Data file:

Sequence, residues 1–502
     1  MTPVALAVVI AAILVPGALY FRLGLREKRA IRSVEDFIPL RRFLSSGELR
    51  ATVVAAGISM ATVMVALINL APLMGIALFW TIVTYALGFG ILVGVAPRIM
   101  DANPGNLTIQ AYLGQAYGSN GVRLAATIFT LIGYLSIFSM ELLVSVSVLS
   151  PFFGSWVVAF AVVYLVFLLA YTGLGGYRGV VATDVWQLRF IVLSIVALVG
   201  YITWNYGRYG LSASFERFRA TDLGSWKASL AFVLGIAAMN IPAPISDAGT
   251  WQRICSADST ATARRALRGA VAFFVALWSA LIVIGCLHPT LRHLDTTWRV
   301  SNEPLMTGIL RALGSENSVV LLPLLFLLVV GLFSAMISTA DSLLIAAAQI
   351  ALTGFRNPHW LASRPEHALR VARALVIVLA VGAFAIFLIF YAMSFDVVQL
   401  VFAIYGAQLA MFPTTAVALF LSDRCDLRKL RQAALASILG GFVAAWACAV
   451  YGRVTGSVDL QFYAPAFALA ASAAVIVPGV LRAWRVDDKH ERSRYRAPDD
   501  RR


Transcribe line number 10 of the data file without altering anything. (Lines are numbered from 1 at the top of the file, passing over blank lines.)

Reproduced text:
   401  VFAIYGAQLA MFPTTAVALF LSDRCDLRKL RQAALASILG GFVAAWACAV